Looking beyond the content of the validation notice, an analysis of the remainder of the letter lends weight to the conclusion that HOVG's letter did not effectively convey the consumer's validation rights. As in Graziano and Caprio , the validation notice was "relegated to the back side" of the letter. Caprio , 709 F.3d at 152. The front side of the letter instructed the reader to "see reverse side for important consumer information." Thus "[n]o indication is given on the front of the letter as to the nature of the notice, i.e., the debtor's rights," Wilson , 225 F.3d at 357 ; the front side does not, for example, indicate that information on the reverse side pertains to "legal rights," Graziano , 950 F.2d at 109. Accordingly, the placement of the validation notice on the back side of the letter, when accompanied only by a vague reference on the front side to "important consumer information," obscures any notice that the validation notice provides.

Further, the front side of the letter repeatedly notes that the consumer may call with "any questions." Though this language on its own "could be read as nothing more than a mere invitation," Caprio , 709 F.3d at 151, the front side of the letter nonetheless emphasizes that the consumer should call, rather than write, with any issues. This emphasis on calling increases the likelihood that the consumer would be encouraged to interpret the first sentence of the validation notice—with its lack of reference to any writing requirement—as an indication that she should call to notify HOVG of the dispute. Thus, the validation language is not only open to two reasonable interpretations, the ‘incorrect’ interpretation, that a debtor may call to dispute her rights, is in fact encouraged by the remainder of the letter.

In sum, the content of the validation notice violates Section 1692g because the language parroting Section 1692g(a)(3)-(5)"can be reasonably read to have two or more different meanings, one of which is inaccurate." Caprio , 709 F.3d at 152. Further, the remainder of the letter encourages the reader both to overlook the validation notice and to call, rather than write, with questions, thus increasing the likelihood that the consumer will misunderstand her validation rights. Accordingly, the validation notice is not "conveyed effectively to the debtor," and violates the FDCPA. Wilson , 225 F.3d at 354 (emphasis added).

For the reasons given, the motion to dismiss is denied. An appropriate order follows.

Attachment


Summaries of

Guzman v. Hovg, LLC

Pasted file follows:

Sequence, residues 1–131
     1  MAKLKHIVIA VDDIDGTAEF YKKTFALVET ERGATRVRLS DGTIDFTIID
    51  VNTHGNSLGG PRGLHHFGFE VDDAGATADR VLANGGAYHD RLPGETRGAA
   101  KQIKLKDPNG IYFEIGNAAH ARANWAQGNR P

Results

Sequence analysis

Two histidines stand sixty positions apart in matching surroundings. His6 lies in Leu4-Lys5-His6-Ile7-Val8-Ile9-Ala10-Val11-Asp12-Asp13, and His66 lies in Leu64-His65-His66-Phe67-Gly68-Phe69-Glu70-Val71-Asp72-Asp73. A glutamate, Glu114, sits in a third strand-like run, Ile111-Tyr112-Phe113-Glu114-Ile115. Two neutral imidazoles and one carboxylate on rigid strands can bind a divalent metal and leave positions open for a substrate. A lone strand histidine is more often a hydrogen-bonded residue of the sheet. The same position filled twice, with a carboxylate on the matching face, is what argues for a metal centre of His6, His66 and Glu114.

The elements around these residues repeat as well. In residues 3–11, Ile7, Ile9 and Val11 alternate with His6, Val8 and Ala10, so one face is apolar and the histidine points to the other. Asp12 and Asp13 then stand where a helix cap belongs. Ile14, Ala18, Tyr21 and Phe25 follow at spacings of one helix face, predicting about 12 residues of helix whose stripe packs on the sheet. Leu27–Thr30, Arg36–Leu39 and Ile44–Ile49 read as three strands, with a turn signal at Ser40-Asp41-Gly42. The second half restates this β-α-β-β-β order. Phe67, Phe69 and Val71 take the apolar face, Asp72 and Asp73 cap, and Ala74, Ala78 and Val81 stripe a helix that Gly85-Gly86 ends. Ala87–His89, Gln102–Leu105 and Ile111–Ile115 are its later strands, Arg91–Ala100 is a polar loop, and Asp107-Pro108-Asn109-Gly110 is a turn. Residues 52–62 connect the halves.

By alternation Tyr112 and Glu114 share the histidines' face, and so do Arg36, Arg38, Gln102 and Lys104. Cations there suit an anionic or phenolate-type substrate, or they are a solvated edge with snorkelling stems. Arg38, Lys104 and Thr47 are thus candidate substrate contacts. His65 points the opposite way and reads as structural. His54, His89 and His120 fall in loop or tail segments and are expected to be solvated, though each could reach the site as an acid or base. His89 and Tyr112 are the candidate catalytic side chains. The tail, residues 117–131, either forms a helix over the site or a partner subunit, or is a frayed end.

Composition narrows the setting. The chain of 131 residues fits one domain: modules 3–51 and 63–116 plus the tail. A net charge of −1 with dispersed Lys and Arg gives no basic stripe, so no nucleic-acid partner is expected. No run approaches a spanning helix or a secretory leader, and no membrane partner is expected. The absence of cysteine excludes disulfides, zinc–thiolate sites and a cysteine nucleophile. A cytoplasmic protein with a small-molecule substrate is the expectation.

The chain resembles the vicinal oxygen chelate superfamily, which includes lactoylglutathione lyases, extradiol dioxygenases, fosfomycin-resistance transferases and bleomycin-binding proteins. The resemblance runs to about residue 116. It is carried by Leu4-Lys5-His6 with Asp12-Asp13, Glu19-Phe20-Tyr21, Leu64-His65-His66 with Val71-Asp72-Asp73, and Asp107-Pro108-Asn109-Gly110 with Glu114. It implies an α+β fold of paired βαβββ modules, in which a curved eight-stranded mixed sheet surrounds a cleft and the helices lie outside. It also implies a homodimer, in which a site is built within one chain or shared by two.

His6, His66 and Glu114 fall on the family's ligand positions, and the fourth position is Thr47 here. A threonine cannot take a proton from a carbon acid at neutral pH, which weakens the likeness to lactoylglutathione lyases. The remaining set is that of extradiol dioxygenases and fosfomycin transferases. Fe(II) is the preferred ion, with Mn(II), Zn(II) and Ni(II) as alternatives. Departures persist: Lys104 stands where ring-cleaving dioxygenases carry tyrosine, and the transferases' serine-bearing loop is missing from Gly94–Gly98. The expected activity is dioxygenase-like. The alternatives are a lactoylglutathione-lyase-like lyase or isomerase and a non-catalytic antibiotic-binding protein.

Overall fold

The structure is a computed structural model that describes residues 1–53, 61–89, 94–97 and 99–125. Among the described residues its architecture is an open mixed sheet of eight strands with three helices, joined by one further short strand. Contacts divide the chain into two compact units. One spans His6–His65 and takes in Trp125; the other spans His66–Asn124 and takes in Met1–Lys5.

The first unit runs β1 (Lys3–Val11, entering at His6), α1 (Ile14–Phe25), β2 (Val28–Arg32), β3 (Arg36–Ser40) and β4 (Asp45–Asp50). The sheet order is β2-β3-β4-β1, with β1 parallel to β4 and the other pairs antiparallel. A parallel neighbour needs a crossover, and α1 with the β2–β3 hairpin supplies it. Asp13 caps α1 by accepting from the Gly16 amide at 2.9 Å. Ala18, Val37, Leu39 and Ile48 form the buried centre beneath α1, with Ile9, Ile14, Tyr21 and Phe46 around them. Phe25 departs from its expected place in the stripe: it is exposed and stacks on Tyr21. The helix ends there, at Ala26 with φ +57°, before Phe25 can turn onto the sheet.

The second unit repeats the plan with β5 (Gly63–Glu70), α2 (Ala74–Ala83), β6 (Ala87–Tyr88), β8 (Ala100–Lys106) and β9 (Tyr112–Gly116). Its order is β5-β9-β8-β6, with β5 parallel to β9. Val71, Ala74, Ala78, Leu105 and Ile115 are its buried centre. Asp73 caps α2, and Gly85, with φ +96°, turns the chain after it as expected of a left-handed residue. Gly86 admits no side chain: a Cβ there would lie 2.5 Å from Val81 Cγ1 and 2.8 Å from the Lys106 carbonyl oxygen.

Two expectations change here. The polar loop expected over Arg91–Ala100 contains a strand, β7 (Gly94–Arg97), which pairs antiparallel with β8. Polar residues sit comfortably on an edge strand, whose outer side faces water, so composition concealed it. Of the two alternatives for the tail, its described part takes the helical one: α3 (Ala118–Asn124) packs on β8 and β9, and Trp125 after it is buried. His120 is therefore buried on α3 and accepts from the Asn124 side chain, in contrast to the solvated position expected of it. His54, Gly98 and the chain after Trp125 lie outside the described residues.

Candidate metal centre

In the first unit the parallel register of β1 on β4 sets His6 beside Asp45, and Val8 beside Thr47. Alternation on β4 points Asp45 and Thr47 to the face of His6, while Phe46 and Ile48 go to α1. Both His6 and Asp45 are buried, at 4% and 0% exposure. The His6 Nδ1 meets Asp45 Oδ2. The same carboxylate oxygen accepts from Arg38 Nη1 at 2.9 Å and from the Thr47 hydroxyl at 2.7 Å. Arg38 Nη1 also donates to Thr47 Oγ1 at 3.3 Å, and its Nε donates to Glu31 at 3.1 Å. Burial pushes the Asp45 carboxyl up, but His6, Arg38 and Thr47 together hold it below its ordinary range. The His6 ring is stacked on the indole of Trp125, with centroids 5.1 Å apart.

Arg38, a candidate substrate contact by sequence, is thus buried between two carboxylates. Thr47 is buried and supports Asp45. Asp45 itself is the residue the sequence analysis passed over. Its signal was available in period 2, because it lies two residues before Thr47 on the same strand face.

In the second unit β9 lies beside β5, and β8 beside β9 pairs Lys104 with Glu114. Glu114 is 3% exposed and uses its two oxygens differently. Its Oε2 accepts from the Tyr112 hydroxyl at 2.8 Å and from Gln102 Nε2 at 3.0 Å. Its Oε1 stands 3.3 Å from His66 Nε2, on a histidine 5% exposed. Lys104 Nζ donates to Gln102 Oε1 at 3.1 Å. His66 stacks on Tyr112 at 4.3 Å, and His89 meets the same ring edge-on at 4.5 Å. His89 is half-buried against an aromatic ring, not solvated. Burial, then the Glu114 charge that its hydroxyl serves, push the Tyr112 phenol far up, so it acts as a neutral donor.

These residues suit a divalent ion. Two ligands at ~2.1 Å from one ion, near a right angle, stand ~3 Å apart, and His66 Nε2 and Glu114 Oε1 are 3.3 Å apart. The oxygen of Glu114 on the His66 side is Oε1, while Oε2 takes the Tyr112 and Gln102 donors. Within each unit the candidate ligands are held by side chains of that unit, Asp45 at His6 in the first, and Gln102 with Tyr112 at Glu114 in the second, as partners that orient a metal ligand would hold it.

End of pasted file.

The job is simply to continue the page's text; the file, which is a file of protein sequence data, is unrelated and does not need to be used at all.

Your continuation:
UNITED STATES DISTRICT COURT FOR THE EASTERN DISTRICT OF PENNSYLVANIA
Oct 31, 2018
340 F. Supp. 3d 526 (E.D. Pa. 2018)

ruling that "[t]he lack of a specific reference to a written dispute in the first sentence - while the other sentences indicate that only written disputes will be effective - could reasonably be interpreted to mean that disputes under the first sentence need not be in writing"

Summary of this case from Cadillo v. Stoneleigh Recovery Assocs., LLC

In Guzman, the district court determined that placing of the validation notice on the back side of a letter with a "vague reference on the front side to 'important consumer information,' obscures any notice that the validation notice provides."

Summary of this case from Hayes v. Collecto, Inc.

reasoning that "[i]f the federal appellate courts have divided on the best reading [of § 1692g(a)(3)-(5)], then surely the least sophisticated debtor would be similarly confused"

Summary of this case from Connor v. Unifund CCR, LLC

noting that "[g]enerally, a debt collector will include language that mirrors Section 1692g . . . and the content of that language goes unchallenged"

Summary of this case from Cadillo v. Stoneleigh Recovery Assocs., LLC

noting that the "lack of a specific reference to a written dispute in the first sentence - while the other sentences indicate that only written disputes will be effective - could reasonably be interpreted to mean that disputes under the first sentence need not be in writing"

Summary of this case from Cadillo v. Stoneleigh Recovery Assocs., LLC

explaining the courts of appeals for Second, Fourth, and Ninth Circuits have held Section 1692g does not require a dispute to be in writing

Summary of this case from Henry v. Radius Global Solutions, LLC
Case details for

Guzman v. Hovg, LLC

Case Details

Full title:JAVIER GUZMAN , Plaintiff, v. HOVG, LLC AND PENDRICK CAPITAL PARTNERS II…

Court:UNITED STATES DISTRICT COURT FOR THE EASTERN DISTRICT OF PENNSYLVANIA

Date published: Oct 31, 2018

Citations

340 F. Supp. 3d 526 (E.D. Pa. 2018)